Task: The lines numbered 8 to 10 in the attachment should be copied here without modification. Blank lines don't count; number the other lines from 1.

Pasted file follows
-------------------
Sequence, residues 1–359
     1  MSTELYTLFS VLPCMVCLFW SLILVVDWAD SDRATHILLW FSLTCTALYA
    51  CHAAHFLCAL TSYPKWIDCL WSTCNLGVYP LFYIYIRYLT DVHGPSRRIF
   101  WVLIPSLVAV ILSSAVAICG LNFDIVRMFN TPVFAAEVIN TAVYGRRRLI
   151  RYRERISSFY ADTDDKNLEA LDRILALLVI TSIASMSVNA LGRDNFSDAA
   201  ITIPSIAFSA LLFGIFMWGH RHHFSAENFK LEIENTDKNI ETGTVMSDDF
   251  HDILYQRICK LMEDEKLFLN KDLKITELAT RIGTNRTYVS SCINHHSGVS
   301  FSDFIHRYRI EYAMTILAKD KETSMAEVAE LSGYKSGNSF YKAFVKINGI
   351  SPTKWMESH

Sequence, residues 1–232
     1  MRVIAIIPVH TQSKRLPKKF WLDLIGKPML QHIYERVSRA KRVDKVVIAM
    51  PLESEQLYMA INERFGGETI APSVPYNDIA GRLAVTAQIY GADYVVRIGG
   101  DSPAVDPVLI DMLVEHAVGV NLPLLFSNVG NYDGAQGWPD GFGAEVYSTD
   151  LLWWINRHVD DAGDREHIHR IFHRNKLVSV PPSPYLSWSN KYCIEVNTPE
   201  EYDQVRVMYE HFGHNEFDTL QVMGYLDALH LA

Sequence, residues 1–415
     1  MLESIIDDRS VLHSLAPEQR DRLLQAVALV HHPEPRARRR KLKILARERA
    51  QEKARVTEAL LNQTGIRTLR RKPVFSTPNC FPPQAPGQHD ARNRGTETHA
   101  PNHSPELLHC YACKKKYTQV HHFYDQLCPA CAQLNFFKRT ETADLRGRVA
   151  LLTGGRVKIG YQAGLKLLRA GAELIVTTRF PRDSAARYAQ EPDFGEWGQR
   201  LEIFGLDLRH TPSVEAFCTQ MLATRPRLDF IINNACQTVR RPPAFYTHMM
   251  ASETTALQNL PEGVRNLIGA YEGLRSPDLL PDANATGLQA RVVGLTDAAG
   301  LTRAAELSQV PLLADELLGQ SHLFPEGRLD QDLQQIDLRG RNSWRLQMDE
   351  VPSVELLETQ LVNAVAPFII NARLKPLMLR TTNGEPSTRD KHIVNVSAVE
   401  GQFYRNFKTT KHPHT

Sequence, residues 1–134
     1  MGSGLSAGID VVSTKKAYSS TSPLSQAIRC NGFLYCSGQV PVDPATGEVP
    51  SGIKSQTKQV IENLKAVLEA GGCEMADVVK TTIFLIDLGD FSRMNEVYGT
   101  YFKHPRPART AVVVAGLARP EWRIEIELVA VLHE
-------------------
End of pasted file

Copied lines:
   301  FSDFIHRYRI EYAMTILAKD KETSMAEVAE LSGYKSGNSF YKAFVKINGI
   351  SPTKWMESH

Sequence, residues 1–232